Trailer Tuesdays: Saints Row: Gat Out of Hell

It’s taking everything I have to keep myself from writing about Dragon Age: Inquisition (which comes out on the 18th, by the way) for every article this month. But if something catches my eye enough to drag me from my DA trance, during release month no less, you can bet that it’s something amazing. What developer Volition has put on the table is nothing short of that. You might even call this DLC… sinfully good.

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Sexualized Saturdays: The Path, an Indie Horror Game about Women

The Path is one of those games no one quite understands, including myself. I’ve tried watching different Let’s Play videos and reading up on the development of the game, but nothing eased my countless queries. During my research I found this quote from one of the producers of the game, Auriea Harvey, which says:

…The Path doesn’t just give girls a female avatar to play boy games with and it doesn’t paint everything pink with smiling faces and hearts. The Path is a game that is about things that can be deeply important to women and it is played in a feminine way. (source)

While making a game for women might have been the developers’ intention, I’d argue that anyone can relate to this game, regardless of their origins.

Spoilers and a trigger warning for rape and murder after the jump.

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Trailer Tuesdays: Transistor

Assassin’s Creed, Saints Row, Donkey Kong: Tropical Freeze: these are just a few of the games on my to-play list, and with E3 coming up next week, that list isn’t going to get shorter any time soon. Despite my lack of time and funds, I’ve been seeing games everywhere that I’d love to play. However, out of fear of turning into one of those Steam users who have hundreds of games that never get played—who am I kidding? I’m already there—I’ve been severely stunting my purchases. This game may break my self-imposed embargo.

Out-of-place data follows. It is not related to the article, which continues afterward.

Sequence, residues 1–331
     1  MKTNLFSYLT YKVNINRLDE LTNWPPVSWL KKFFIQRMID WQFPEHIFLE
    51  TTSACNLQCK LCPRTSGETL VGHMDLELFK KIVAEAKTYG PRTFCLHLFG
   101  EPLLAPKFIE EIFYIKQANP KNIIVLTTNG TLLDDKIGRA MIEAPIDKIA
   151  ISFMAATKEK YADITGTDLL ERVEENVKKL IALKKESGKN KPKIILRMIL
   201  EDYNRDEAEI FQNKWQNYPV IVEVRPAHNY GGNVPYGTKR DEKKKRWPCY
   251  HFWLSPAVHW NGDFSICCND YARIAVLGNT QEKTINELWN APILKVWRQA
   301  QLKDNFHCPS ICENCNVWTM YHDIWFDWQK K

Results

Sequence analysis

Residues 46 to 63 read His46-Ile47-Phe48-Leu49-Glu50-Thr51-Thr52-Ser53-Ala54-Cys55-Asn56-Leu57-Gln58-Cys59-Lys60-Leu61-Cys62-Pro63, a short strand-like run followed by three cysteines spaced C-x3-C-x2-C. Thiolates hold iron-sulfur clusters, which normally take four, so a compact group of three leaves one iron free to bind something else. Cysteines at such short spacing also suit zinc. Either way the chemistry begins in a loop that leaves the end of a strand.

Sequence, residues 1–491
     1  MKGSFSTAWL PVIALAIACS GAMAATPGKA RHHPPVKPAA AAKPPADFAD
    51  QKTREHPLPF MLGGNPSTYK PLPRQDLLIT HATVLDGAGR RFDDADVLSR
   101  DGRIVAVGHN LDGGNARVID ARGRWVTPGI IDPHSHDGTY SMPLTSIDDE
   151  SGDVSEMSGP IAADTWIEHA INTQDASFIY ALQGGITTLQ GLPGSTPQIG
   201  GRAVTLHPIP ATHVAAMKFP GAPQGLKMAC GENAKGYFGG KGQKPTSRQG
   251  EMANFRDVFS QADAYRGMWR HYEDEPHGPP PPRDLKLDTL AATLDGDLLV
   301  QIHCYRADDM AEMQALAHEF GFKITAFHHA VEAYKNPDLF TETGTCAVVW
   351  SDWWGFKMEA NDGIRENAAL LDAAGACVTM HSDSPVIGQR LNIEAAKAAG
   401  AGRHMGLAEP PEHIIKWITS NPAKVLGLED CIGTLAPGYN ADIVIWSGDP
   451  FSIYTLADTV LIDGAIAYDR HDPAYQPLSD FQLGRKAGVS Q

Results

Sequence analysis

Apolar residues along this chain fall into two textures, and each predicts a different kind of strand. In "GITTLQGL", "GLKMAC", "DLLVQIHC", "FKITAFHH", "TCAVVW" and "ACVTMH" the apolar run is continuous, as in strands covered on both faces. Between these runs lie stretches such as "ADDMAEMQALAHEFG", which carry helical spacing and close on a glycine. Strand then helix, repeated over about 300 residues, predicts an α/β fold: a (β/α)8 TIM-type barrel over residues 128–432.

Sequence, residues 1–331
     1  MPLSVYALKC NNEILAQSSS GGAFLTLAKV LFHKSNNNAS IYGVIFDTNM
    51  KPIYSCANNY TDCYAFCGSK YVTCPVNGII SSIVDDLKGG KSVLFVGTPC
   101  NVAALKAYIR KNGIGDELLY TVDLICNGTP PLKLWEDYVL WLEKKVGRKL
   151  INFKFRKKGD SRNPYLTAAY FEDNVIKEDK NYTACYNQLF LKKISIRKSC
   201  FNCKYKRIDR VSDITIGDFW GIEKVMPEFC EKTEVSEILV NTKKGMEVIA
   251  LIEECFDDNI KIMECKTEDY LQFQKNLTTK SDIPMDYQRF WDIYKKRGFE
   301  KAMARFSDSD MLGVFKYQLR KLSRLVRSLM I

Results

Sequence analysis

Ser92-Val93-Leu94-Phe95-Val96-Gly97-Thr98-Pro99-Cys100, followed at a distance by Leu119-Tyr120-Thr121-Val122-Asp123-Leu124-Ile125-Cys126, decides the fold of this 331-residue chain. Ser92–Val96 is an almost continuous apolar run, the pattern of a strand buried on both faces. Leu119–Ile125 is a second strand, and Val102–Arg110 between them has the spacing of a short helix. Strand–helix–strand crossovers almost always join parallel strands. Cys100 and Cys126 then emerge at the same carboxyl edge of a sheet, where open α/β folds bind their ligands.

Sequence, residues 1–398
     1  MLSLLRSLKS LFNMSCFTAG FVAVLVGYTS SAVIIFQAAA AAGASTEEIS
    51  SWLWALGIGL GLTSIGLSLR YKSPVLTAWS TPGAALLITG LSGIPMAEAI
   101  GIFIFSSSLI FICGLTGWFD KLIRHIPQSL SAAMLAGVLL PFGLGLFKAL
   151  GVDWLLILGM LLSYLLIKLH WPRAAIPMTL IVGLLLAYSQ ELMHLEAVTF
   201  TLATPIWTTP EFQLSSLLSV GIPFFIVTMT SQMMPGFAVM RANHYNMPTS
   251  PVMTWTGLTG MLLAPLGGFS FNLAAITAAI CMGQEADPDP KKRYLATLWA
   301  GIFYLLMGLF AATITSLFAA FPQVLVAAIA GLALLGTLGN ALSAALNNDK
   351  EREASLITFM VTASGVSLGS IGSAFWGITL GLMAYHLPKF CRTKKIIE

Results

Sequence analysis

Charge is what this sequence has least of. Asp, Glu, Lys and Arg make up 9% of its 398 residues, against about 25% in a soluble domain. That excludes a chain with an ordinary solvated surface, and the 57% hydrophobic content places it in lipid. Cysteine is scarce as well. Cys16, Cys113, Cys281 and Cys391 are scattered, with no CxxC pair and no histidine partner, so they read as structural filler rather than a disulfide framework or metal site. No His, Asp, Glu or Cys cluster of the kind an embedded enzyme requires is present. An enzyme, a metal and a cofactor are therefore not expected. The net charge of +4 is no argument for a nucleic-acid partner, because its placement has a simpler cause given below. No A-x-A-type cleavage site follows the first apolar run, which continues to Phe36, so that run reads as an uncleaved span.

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Rin Plays: Child of Light

There’s nothing worse than seeing a game not getting the love it deserves. If you’re thinking to yourself, “I’ve never heard of this Child of Light game,” you’re not alone: the game was barely advertised and most—if not all—publicity was generated by word of mouth. This isn’t any surprise; I mentioned in an earlier post how games directed more towards a female audience receive much less advertising in general than games that are clearly intended for a more male-centric audience. And unless produced by a larger name developer, indie games don’t really get advertised anyway. Though Child of Light has that indie feel, it doesn’t change the fact that the game was still produced by Ubisoft. Not only that, but by their largest development studio—Ubisoft Montreal—as well. There’s no excuse for the lack of company generated buzz. I mean, look at it: wouldn’t you want to hype this game?

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Games for Girls: Hanako Games and Why Long Live the Queen Is Important